Memory-Loss stops “Internal Clock” for Alzheimer’s and Dementia Sufferers – They lose “sense of ti
Posted Nov 03 2010 8:18pm
When we can’t remember what happened in the past, we lose a “sense of time.” A “sense of time” is formed by multiple memories which create an “internal clock” that tells us when it’s time to get up, go to work, have lunch or go to bed. We do all these things because we’ve formed a memory in our “internal clock.”
Most of us take our “inner clock” for granted, yet our daily schedule is regulated almost entirely by a “sense of time” created by memories. We know what day it is because we know what happened yesterday. We know what time it is because we just woke up and know we’ll be leaving for work soon. When an Alzheimer’s or Dementia patient is unable to remember yesterday, or last night, or 5 minutes ago, he doesn’t know what day it is. And, he will not have a “sense of time” to tell him what will happen a few moments from now or hours from now.
When you leave an Alzheimer’s or Dementia sufferer alone for an hour, they may believe you’ve been gone for days, weeks or even months because they don’t remember an hour ago, or a week ago or a month ago. for what will happen next.
When my Mom was in the nursing home, I visited her daily. Yet, Mom would complain that she hadn’t seen me in a year. Because the last time she remembered seeing me was the year before, her “sense of time” told her I hadn’t been there since that visit. She had no memory of the daily visits since that time a year ago. All of her recent memory was gone, destroyed by Alzheimer’s. Since Alzheimer’s prevented the recording of new memories, Mom could only remember the visit from the previous year. Her “sense of time” was skewered. Her “internal clock” no longer working properly.
Missing short-term memories not only causes “loss of time” but also creates havoc with any sort of scheduling. Without knowing that you had breakfast a few hours ago, you will not know when it is time for lunch. If you don’t remember that you just woke up from a night’s sleep, you won’t know it’s time to take your medication, or shower, or brush your teeth, or get dressed. All scheduling is affected by a “sense of time;” when to eat, when to sleep , when to wake up.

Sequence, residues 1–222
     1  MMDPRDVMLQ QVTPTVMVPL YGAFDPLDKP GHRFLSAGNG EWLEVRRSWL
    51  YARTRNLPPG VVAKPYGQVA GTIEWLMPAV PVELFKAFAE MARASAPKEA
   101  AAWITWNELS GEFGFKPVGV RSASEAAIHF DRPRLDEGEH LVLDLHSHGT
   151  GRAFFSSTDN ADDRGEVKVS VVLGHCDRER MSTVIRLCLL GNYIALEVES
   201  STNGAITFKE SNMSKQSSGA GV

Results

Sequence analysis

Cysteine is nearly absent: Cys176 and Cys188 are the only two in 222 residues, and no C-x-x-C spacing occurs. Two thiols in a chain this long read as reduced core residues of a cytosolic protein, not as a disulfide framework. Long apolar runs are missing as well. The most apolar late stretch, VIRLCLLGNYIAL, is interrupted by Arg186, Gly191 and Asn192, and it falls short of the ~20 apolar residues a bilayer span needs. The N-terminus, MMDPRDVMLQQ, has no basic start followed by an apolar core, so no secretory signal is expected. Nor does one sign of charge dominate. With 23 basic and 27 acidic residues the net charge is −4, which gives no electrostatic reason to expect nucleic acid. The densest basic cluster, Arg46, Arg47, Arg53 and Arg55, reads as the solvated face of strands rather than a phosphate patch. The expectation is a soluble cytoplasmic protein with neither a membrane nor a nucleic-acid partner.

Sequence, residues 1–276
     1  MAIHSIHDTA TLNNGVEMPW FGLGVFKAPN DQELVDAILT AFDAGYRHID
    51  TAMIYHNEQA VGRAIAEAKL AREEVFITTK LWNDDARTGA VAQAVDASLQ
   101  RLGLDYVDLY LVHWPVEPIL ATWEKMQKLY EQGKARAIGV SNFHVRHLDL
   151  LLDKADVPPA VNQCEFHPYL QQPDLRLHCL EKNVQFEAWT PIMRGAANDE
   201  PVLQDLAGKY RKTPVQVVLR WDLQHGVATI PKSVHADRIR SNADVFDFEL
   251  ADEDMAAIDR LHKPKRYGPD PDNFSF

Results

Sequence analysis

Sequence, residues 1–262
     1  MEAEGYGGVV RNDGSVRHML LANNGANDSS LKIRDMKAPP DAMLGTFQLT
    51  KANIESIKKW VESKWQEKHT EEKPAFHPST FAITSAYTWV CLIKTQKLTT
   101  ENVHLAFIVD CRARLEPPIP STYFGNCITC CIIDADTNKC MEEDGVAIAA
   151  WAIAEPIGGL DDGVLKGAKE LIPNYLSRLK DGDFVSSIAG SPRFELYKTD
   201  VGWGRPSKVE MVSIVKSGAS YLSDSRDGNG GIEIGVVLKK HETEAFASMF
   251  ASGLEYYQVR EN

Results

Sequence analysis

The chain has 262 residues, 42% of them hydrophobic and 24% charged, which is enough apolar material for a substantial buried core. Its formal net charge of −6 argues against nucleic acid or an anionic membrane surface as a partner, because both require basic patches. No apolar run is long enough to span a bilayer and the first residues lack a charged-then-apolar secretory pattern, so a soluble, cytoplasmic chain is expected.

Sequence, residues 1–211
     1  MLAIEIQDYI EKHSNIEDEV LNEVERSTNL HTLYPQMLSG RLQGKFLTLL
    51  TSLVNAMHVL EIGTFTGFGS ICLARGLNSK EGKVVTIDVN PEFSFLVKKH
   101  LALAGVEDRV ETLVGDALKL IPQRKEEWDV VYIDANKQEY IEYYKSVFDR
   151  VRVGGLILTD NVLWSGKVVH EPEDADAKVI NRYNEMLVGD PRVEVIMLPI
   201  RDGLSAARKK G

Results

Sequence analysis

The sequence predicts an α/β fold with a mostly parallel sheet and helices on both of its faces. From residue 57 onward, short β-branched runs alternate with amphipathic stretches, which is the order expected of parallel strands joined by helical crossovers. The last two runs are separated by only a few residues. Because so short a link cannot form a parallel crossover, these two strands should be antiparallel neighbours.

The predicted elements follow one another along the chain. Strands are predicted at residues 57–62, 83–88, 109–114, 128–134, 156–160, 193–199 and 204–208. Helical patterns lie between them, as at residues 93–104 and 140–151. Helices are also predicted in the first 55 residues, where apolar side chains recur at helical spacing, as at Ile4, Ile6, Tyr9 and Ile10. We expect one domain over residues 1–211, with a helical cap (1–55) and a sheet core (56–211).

Losing a “sense of time” causes great confusion and frustration for the Alzheimer’s or Dementia patient and fosters some of their odd behavior seen by the caregiver.
As the holidays near, I’m reminded of the last holiday season before my Mom was diagnosed with Alzheimer’s. The entire family was confounded by her odd, and seemingly rude, behavior on that special Holiday weekend.
In hindsight, Mom’s “sense of time” was gone then, even before her diagnosis of Alzheimer’s several months later. On that holiday, I was up early for the long drive to get Mom and bring her back to our house for the weekend. There would be grown Children, Grand-Children and Great-Grand-Children. The entire family was joyous that we’d all be together, four generations. I had my digital camera ready to take photos and document this holiday with four generations of our family in-tact.
The first surprise came when I arrived at Mom’s house. She was in her gown and pretended no knowledge of a holiday weekend at all. I was slightly furious as I packed her bag while Mom showered and got dressed. Then I drove back to my house feeling hurt that she could have forgotten our planned celebration.
Then, less than an hour after our arrival, while I was still trying to schedule baking times for cakes, pies, dressing and dinner rolls, Mom entered the kitchen and whispered in my ear. “Can you take me home now?”
“What?” I frowned, still tasting the bitterness I’d felt earlier because she hadn’t showered, dressed or packed for her visit to our home when she knew I’d be arriving early. “What do you mean? Did you forget something?” I could only assume that she’d forgotten something and wanted me to make another trip across town to her house. She was shaking her head.
“No. I didn’t forgot anything. I want you to take me home?”
“Mom,” I put my arm around her. “You’re staying here for the weekend. Remember? All the kids are here…the grand-kids…”
She looked puzzled. “Oh no, I can’t stay for the whole weekend. I’ve already been here too long. I want to go home now. I want you to take me home now.” She began tugging my arm, headed for the door.
“Mom…” I tried to pull away. “You just got here. You haven’t been here an hour yet.”
“Oh come on–” she gave me a hard jerk and headed to the door. “I’ve been here all day, I’m tired, I can’t leave my place empty, someone might break-in. I’m going home.”
Suddenly my gentle, little Mom was gruff and demanding. I didn’t know what else to do but obey. My husband gave my Mom a ride home and I cried myself to sleep that night because she had missed all the planned festivities.
I didn’t know my Mom had Alzheimer’s yet. I hadn’t been forced to make any decisions for my Adult parent yet. I hadn’t learned to question my Mom’s behavior or disagree with her. I hadn’t learned to tell her, “No.” As I look back now, I can see that Mom had already lost her “sense of time” and yet, it would be many months before she was diagnosed. So that leaves me wishing I’d been kinder, or more understanding, or more aware.
So know the symptoms of Alzheimer’s and Dementia . Educate yourself about what happens as it progresses and be prepared to cope with behaviors that your loved one has never shown before. And most of all, Learn to love them anyway because they have no knowledge or understanding of the unconscious changes that are happening to them.